After high school, I attended college and auditioned for their school of music. I was not accepted. Then I changed my major to English and received my BA in English and Theater. I also received my teaching certification for grades 7-12 but was never given a teaching position. So, I began writing. Through my writing, I have been given the opportunity to speak at schools, churches, and clubs. I have read to children, educating them about Braille and blindness.
A Phoenix suffers greatly in life, but when he seems to be defeated, he rises again. A phoenix is a noble bird, and I love the idea of a phoenix soaring ahead of me, guiding me through life’s trials. A Phoenix knows the outcome, that the trials will not defeat him. I hope to have that outlook as well.
(CLICK HERE to learn more about the symbolism of the Phoenix as a spirit animal).
I write in the fantasy genre, usually fairy tale retellings. This genre is very important because you can explore so many relevant themes in unique ways. For instance, in my “Snow White” retelling entitled Hart Spring, I was able to explore the themes of slavery, immigration and the importance of family. I also explored the theme of abuse in that story using a fantastical gift that my protagonist possesses. She is exploited in order to obtain that gift and must find a way to escape her abuser.
In Blind Beauty, my “Beauty and the Beast” retelling, I examined the relevant theme of bullying. The beast is inadvertently cursed because of an act of cruelty perpetrated upon the misunderstood enchantress character. This action results in havoc being wreaked upon many other characters.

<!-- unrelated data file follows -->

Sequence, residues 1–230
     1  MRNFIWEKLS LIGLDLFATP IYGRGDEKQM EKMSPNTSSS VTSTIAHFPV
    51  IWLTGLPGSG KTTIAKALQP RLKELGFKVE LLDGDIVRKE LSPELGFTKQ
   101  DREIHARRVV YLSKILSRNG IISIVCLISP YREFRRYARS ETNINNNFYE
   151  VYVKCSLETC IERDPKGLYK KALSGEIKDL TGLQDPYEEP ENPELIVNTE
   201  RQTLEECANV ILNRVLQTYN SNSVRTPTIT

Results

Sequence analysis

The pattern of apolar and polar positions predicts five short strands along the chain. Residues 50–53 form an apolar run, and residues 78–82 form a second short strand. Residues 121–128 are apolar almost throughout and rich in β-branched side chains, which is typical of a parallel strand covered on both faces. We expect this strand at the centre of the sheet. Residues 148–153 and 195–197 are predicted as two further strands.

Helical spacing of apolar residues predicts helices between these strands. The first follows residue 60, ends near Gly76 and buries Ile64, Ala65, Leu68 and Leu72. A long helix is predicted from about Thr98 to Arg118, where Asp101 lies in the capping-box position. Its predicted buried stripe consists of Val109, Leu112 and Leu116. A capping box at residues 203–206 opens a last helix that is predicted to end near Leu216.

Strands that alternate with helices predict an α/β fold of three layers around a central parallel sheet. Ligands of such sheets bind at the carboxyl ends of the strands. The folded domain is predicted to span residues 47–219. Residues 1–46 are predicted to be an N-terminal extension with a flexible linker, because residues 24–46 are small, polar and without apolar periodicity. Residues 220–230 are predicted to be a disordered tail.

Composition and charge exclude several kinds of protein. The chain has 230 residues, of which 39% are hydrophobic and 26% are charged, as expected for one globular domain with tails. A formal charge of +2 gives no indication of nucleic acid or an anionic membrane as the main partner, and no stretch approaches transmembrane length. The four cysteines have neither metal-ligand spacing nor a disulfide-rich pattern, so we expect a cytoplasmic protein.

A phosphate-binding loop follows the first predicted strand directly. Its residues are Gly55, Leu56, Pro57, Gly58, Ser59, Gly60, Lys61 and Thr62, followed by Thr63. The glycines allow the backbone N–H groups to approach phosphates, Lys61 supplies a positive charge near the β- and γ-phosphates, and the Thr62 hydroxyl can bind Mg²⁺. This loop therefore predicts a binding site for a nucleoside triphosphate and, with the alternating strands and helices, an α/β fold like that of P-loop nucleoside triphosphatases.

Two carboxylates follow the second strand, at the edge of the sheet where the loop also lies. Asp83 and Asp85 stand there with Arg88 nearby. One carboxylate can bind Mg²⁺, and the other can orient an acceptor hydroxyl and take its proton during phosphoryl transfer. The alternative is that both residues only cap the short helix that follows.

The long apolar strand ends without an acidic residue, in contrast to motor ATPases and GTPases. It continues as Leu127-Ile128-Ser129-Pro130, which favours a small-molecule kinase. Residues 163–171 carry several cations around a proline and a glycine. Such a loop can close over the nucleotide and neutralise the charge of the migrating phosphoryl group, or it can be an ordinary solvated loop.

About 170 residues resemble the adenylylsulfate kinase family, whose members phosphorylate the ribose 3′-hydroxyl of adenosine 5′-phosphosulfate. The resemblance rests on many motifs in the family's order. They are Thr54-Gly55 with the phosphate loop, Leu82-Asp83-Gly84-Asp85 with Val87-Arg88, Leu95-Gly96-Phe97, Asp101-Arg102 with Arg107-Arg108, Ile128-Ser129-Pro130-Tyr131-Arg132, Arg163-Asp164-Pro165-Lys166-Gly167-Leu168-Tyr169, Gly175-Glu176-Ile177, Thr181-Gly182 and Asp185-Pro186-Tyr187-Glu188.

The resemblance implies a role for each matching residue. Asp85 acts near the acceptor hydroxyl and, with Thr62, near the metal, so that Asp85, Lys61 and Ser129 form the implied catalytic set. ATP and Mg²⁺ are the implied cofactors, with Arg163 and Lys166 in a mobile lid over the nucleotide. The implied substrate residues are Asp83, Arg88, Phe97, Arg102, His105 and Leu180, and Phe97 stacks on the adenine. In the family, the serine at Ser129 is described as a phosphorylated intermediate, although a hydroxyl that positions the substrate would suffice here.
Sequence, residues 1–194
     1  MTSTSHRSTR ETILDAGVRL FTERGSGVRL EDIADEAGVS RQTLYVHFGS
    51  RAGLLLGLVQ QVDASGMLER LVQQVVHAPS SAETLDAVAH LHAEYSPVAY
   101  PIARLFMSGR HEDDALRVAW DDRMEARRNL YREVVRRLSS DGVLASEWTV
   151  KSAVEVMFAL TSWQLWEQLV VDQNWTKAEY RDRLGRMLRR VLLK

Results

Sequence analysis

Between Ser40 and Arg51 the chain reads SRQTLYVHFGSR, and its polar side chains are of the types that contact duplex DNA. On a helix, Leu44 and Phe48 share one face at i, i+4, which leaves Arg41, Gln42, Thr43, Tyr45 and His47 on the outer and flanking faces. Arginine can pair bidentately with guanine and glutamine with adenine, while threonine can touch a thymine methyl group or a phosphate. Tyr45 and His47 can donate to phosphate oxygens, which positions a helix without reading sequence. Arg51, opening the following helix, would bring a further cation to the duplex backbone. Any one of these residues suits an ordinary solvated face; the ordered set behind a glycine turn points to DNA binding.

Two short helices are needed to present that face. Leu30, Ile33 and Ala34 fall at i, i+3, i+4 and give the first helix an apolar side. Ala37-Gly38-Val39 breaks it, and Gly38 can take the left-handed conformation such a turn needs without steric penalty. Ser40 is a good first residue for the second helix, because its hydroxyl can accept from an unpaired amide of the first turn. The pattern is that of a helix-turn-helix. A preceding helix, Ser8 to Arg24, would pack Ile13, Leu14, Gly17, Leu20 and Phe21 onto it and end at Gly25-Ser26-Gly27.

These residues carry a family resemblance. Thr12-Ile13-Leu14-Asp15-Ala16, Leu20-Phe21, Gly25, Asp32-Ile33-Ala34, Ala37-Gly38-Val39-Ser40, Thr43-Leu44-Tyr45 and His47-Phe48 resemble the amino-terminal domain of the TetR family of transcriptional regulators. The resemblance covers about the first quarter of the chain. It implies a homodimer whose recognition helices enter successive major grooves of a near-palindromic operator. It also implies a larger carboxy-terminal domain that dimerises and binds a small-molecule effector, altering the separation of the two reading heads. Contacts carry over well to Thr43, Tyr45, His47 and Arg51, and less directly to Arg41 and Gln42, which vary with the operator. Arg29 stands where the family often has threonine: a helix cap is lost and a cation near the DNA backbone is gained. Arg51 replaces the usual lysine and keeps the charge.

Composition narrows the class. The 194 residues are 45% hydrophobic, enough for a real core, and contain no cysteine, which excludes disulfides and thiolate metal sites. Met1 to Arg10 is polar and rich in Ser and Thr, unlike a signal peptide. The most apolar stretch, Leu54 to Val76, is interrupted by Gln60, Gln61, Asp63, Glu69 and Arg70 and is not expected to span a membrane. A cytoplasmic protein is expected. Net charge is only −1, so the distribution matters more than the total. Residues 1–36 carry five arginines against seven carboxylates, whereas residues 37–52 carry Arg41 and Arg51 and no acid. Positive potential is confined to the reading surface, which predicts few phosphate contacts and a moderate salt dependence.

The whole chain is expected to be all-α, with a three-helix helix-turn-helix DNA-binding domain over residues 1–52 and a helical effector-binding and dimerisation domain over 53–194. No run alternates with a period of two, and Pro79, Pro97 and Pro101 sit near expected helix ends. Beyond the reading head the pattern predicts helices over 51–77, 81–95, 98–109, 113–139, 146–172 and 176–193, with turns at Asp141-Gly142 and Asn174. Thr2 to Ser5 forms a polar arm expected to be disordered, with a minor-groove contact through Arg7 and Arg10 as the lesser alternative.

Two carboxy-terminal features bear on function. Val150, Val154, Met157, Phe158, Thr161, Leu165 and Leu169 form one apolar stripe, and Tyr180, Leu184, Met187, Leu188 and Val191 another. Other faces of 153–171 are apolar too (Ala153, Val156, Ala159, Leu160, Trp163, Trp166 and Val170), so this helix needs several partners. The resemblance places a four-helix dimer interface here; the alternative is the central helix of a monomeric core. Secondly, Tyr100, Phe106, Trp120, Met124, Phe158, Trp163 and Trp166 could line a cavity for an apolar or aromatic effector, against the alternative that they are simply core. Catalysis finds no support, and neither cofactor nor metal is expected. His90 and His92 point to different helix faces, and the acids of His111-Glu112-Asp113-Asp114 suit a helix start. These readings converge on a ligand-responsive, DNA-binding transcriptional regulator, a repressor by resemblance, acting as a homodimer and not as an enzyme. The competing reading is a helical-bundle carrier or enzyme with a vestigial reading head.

Fantasy allows readers to escape from their everyday lives. However, if you allow fantasy stories to speak to your heart, you will discover that they are relevant stories that seek to illustrate how the world should be.
Facebook: Meredith Burton
Thanks for stopping by to meet Meredith. Make sure and check out her blog to learn more about her. ❤
“A good poem is a contribution to reality. The world is never the same once a good poem has been added to it. A good poem helps to change the shape of the universe, helps to extend everyone’s knowledge of himself and the world around him.”
Click: What is a Rhyme Scheme?
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Colleen M. Chesebro is an American Poet who loves crafting paranormal fantasy and magical realism, cross-genre flash fiction, syllabic poetry, and creative nonfiction. Colleen sponsors a weekly syllabic poetry challenge, called Tanka Tuesday, on wordcraftpoetry.com where participants learn how to write traditional and current forms of haiku, senryu, haiga, tanka, gogyohka, tanka prose, renga, solo-renga, haibun, cinquain, Etheree, nonet, and shadorma poetry. Colleen's syllabic poetry has appeared in the Auroras & Blossoms Poetry Journal, and in “Hedgerow, a journal of small poems.” She’s won numerous awards from participating in the Carrot Ranch Rodeo, a yearly flash fiction contest sponsored by carrotranch.com. In 2020, she won first place in the Carrot Ranch Folk Tale or Fable category, with her story called “Why Wolf Howls at the Moon.” Colleen is a Sister of the Fey, where she pursues a pagan path through her writing. When she is not writing, she is reading. She also loves gardening and crocheting old-fashioned doilies into works of art.